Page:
A good few months ago, I started to dabble with making savoury crepes which had a real flavour irrespective of any additional toppings or fillings, which is often the case. I mean, there cannot be too many folk who crave plain pancakes…. or are there? I certainly missed the boat insofar as getting this recipe published for Shrove Tuesday – that was the original intention. Secondly, I wanted to end up with a crepes which was not so heavy or stodgy (as I often find to be the case) which would make for a perfect weekend brunch, and still leave us with the desire to get off the chair and do something active and productive. Even on our limited time off!
As ever, time and availability have not been on my side. Since my last recipe, I wish I could account for the last few months, other then just hectic with work, a couple of onerous DIY projects, a much deserved holiday in the fantastic Pirin National Park in Bulgaria, and the simple realisation that I needed time away from a computer screen (as the day job demands plenty of use). Cooking is, and will remain my absolute passion in life – getting ideas onto paper (or screen) is becoming my barrier. Roll on retirement when I will be crying out for things to fill my time ;o)
When experimenting with recipes, I always start with a baseline which, once tested a couple of times gives me the confidence that the texture (at the very least) will be the desired result. Crepes is a prime example and getting the ratio of dry to wet ingredients (to put it simply) will result in either success, or at one end of the spectrum, gloop, the other something closer to a limp biscuit. When researching ( as I always do) I was a little disappointed to struggle to find a really flavoursome combination of ingredients which for just the crepe itself has really good taste on its own merit. Thus, the journey began. We must have made ten iterations of this, each time throwing in a new ingredient to get where we wanted to be.
The final attempt followed our discovery of Aleppo Pepper, a fantastic ingredient discovered when watching a Nigella Turkish Egg recipe. Since then, it is my ‘go to answer’ to nearly everything. I think I am officially hooked. Therapy may be required. I have to now consciously not throw this in everything I cobble together. Aleppo pepper – where have you been my whole life? Aleppo pepper, named after the now war-torn Syrian region of Aleppo, originates from the burgundy coloured chilli also called the Halaby pepper. Now primarily sourced from Turkey, the coarsely ground Aleppo pepper is half as hot as more traditional chilli flakes, but outperforms in the flavour department. The other ingredient I depend on is Dijon mustard. Let’s be clear, this is not the same as that sweet, awful brown gunk from the US called ‘French Mustard’. The latter should be banned in my view.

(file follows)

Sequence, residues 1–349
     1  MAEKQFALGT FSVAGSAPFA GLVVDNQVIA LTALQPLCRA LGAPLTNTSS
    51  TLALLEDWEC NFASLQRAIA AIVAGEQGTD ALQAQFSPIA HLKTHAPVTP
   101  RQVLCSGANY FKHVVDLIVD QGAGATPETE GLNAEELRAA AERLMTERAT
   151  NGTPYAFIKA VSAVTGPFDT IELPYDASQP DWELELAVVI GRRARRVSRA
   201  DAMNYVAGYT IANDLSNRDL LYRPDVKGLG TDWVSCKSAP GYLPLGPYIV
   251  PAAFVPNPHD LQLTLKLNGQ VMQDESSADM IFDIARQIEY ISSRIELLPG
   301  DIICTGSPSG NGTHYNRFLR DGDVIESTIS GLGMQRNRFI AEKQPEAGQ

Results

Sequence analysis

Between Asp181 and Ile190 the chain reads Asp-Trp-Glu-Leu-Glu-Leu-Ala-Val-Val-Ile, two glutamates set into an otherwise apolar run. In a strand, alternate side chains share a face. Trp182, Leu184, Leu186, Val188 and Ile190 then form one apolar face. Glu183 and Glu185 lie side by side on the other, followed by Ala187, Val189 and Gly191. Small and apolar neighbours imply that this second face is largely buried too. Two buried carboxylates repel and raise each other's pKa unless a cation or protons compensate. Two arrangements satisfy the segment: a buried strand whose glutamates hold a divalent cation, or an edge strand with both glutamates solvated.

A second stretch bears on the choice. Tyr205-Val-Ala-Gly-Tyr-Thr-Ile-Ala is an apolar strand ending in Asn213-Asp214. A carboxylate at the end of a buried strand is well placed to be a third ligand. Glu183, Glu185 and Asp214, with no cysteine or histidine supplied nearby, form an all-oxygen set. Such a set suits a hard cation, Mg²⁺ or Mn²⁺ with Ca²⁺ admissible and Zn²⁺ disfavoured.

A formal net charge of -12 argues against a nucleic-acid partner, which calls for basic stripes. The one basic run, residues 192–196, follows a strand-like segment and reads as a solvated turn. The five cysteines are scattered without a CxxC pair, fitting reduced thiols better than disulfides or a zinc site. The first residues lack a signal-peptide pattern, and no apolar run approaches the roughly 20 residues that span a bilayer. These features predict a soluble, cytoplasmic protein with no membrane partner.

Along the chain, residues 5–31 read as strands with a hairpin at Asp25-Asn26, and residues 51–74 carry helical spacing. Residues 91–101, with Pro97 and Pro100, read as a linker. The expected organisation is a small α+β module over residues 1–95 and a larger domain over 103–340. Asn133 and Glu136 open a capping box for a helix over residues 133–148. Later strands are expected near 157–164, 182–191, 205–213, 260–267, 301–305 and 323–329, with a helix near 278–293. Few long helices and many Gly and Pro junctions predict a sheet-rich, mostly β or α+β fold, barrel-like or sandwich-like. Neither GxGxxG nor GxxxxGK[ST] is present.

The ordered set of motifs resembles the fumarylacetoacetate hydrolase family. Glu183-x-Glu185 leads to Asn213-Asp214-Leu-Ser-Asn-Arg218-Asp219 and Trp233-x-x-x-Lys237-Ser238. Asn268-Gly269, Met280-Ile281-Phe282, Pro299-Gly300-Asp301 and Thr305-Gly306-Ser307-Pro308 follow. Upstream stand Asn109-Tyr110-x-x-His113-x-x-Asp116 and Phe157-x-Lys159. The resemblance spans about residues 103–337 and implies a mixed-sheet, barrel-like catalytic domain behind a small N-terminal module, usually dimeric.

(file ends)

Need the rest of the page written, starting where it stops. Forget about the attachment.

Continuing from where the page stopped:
Reverting to my earlier point, I wanted to have a crepe which was quite light and not the typical stodgy texture I have experienced in the past. I have purposefully scaled down the amount of oil used helped with a non-stick pan of course).
Confession time: I had originally written this up as a pancake recipe, then after a bit of due diligence discovered that there was a difference between pancake, and crepe. It is as follows: pancakes contain a raising agent (such as baking powder/soda) resulting in a thicker and fluffier texture. Crepes, in contrast are thin and flat.
The second thing I learned is why the first crepe from the batch always fails in the beauty contest compared to the others. If interested as to what causes this, and what may reduce this, I recommend the following article from Delish.com. The abbreviated answer is: maintain a cooking temperature of: 175-182 degrees Celsius, and wipe down excess oil using paper towel. There you have it!
I really hope you find the time (no pun intended) to give our: Savoury Thyme, Aleppo Pepper and Cheddar Crepes a go. As ever, if you do not have all the ingredients at hand… experiment and substitute with something else. We do the same. Whist we think strong vintage cheddar is the best to grate on top, it works really well with Parmesan. Or a combination. Or whatever else you may have at hand.
- 2 large free range eggs
- 140 ml semi skimmed milk
- 70g strong white flour, sifted
- 1 tablespoon olive plus more for cooking
- 1 heaped teaspoon aleppo pepper
- 1 tsp freshly ground sea salt
- 1 heaped teaspoon dijon mustard
- 1 heaped teaspoon fresh lemon Thyme, leaves separated from stem
- 20g strong cheddar
- First, sift the flour into a medium-sized mixing bowl.
- Next, add the Aleppo pepper, salt, and Thyme leaves, then combine well using a bell whisk.
- Then, create a well in the centre, and add the milk, break in the eggs, followed by a heaped teaspoon of Dijon mustard, 1 tablespoon olive oil then whisk until a smooth batter is formed, and any lumps removed. Set the batter aside.
- Bring a large non-stick frying pan to approximately 175C, then add 1 tbsp light olive oil, swirl in the pan, then wipe across the bottom of the pan using kitchen paper.
- Whisk the batter one more time, then take ladle in one quarter of the mix into the centre of the pan. Using the back of the ladle, spread the batter until it is thinned out and circular in shape.
- Cook the crepe for around 45 seconds, then flip over and repeat.
- Transfer the crepe from the pan onto a plate, then cook the remaining three crepes.
- Roll up each crepe and position them side by side. Then, take a microplane or fine cheese grater and grate the cheddar cheese over the pancakes.
- Finally, melt the cheese using a chef's torch, or alternatively place under a grill until the cheese starts to bubble.
- Serve immediately.